Design, control, and applications of DNA nanomechanical devices | Kent State University

Design, control, and applications of DNA nanomechanical devices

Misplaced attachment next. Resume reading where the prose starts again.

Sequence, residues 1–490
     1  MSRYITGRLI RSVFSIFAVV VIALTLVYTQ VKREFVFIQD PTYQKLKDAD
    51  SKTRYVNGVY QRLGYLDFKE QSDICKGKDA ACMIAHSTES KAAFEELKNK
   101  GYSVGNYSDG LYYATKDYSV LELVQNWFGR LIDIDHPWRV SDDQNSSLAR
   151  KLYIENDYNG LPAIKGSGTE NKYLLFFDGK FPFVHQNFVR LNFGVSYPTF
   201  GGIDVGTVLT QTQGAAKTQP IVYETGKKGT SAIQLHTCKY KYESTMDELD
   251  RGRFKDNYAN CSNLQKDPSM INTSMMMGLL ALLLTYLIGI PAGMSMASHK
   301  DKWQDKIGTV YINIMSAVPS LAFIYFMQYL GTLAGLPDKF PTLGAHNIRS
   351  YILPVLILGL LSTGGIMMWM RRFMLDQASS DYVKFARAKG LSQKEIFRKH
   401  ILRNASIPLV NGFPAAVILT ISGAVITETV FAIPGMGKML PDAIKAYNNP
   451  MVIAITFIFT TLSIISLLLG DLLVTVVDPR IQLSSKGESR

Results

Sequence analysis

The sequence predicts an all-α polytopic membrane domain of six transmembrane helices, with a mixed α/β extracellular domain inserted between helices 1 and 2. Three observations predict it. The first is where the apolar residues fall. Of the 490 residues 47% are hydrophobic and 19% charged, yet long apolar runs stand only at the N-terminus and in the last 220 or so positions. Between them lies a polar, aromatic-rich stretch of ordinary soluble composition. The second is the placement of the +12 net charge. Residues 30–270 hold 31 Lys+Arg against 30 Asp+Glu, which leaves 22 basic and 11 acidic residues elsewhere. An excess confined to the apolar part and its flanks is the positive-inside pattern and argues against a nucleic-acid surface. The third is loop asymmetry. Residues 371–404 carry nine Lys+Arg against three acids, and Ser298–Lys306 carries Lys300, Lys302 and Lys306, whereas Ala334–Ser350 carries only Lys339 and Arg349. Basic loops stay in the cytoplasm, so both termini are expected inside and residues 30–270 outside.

Structural DNA nanotechnology is a rapidly emerging field with exciting potential for applications such as single molecule sensing, drug delivery, and manipulating molecular components. However, realizing the functional potential of DNA nanomachines, and ultimately nanorobots, requires the ability to design dynamic mechanical behavior such as complex motion, conformational dynamics, or force generation. Our lab has developed approaches to design and construct DNA nanostructures with programmable 1D, 2D, and 3D motion as well as dynamic nanostructures with programmed or externally controlled conformational dynamics. We have also recently developed methods to manipulate dynamic DNA nanodevices via external magnetic fields. This approach relies on coupling the motion of micron-scale magnetic beads to nanoscale DNA machines via a long mechanical lever arm made from an array of highly stiff DNA origami structures. We demonstrated the ability to drive continuous or oscillating rotational motions of nanoscale devices up to several Hz. Moving forward, we aim to develop devices where nanoscale dynamic behavior (i.e. motion, conformational distributions, and kinetics) can be exploited to probe physical properties or manipulate nanoscale components or molecular interactions in real time. I will also highlight two ongoing projects in our lab implementing DNA nanodevices to probe the structure and dynamics of nucleosomes and to engineer cell surface functions such as intercellular adhesion and biomolecule sensing.